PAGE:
No, not Hollywood celebrities. That peculiar crowd will always provide their dubious support for Democrats. I’m talking about political celebrities. And in 2004, the biggest political celebrities in America were Arnold Schwarzenegger and Rudolph Giuliani, both of whom were principal speakers at the GOP convention in New York.
The Democrats didn’t have that kind of star power. There were the Clintons, of course, but they’d been around a while and Democrats were concerned Bill’s rock-star status diminished their candidate. And there was a little-known freshman Senator from Illinois who made a splash with a stirring speech. But they simply couldn’t match the firepower of Rudy, Ah-nuld, and a still-popular President.
The Republicans got a 5% bounce from their convention, the Democrats a “negative bounce” of 2%, and Bush was reelected.
This year has been different. Every ounce of glamour, celebrity power, media fawning, and rock star status has been tied to the candidacy of that little-known Senator, now the world-famous Barack Obama. Until last night. Last night, a star was born.
Sarah Palin gave a speech that rivals some of the great convention speeches of my lifetime, such as Mario Cuomo in 1984 and Barack Obama in 2004.
Rhetorically, it was nothing special. On a printed page, it wouldn’t stand up against the best speeches of Obama, Clinton or even Bush – whose speech of September 20, 2001 earned its place in history.
But in terms of delivery and political effectiveness, she hit it out of the park. Or perhaps it would be more appropriate to say she slapped it into the net.
In her Wall Street Journal column yesterday, former Reagan speechwriter Peggy Noonan gave the following advice to Palin:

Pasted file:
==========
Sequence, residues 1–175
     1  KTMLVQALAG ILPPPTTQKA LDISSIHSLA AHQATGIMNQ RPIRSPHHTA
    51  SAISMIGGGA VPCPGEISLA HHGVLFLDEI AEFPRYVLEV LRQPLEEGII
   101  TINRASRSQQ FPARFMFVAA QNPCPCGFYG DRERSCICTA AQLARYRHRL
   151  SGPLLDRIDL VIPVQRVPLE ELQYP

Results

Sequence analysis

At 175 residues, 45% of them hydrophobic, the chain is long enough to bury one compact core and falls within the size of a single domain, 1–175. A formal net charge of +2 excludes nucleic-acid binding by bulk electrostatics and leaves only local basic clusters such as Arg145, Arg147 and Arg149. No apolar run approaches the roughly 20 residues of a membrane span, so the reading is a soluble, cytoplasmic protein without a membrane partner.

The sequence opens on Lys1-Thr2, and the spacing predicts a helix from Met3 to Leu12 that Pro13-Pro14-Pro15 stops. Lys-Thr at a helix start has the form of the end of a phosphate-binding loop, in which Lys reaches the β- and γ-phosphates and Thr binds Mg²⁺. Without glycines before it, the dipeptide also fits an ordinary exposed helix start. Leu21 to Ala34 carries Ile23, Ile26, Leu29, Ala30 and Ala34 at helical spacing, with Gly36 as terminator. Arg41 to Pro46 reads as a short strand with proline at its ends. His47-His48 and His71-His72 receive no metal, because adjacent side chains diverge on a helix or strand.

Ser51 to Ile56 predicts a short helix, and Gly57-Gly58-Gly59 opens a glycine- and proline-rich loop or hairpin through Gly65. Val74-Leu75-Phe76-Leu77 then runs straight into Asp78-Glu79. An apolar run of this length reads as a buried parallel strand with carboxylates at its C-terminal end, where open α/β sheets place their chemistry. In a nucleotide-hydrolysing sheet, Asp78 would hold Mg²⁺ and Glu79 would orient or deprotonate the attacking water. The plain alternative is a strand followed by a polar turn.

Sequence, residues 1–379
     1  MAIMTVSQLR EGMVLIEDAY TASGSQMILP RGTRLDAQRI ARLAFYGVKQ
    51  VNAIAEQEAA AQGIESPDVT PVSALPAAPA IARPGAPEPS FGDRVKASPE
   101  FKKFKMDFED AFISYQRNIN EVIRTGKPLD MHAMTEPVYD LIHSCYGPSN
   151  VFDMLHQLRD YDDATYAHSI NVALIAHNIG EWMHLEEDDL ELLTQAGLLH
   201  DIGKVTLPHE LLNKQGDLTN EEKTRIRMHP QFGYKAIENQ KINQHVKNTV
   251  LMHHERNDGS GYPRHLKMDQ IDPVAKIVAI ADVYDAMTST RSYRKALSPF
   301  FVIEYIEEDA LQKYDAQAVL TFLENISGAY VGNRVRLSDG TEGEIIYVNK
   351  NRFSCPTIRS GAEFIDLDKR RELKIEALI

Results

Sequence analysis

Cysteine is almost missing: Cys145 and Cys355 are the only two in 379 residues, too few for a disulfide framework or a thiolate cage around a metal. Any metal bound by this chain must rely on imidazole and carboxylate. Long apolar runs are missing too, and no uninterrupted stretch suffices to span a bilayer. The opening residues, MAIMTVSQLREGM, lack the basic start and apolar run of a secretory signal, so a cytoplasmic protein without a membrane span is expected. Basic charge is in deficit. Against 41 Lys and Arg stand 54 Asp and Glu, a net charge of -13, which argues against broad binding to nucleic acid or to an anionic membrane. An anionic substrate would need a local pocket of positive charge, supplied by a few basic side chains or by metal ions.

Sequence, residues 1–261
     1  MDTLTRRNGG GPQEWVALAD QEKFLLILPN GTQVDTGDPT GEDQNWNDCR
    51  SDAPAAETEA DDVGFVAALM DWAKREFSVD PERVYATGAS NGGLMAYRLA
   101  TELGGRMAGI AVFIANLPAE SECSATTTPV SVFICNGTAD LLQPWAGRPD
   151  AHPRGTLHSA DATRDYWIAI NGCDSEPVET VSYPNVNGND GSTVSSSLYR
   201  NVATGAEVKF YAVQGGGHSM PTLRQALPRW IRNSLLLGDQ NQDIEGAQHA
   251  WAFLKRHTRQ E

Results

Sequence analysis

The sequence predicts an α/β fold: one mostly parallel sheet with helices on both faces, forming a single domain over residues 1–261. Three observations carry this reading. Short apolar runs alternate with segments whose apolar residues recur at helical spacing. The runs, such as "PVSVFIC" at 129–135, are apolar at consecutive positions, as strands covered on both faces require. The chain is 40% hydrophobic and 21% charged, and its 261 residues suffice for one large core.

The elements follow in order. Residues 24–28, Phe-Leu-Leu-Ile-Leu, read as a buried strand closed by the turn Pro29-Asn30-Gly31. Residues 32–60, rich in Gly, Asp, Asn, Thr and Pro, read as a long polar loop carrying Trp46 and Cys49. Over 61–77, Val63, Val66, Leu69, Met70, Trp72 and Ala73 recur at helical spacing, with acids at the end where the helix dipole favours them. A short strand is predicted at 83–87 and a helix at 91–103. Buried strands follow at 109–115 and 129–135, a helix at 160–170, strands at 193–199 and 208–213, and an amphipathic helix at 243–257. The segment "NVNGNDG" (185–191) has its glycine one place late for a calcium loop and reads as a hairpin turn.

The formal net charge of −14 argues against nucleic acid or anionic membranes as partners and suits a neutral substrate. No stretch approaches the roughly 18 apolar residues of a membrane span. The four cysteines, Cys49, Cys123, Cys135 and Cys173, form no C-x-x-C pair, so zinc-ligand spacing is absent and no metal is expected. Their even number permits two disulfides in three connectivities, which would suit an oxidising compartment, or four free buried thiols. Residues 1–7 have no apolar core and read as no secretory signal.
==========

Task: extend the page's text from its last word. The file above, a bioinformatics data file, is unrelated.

A voter laughing is half yours, and just received a line he can repeat next weekend over a beer at the barbecue or online at Starbucks. Here is a fact of American politics: If you make us laugh we spread your line for free.
Two of Palin's lines last night - "Lipstick" and "the difference between a community organizer and a small-town mayor" - are already being spread by voters for free..
We shouldn’t get too carried away here. It might feel like we’re at the 2-minute warning of this Presidential election, but I think it’s more accurate to say that it’s halftime (I know, I’m mixing my sports metaphors…). In terms of time, yes, it’s very late in the game. But most voters have just begun to tune in, and the next two months will be a barrage of debates, advertising and news coverage. There’s a long way to go and the score is very close.
And Sarah Palin has not even begun to be tested on the national stage. Remember that Barack Obama had months to refine his message in Iowa and New Hampshire before the nation began to tune in to every syllable he uttered. Palin will have a big spotlight and an even bigger microphone in her face from day one, and it would be shocking if she doesn't blunder at some point.
Finally, it should be noted that the famous convention speeches of Cuomo and Obama were given in losing causes.
But as Brian Williams put it so very aptly moments after Palin’s speech ended last night, “Game on.”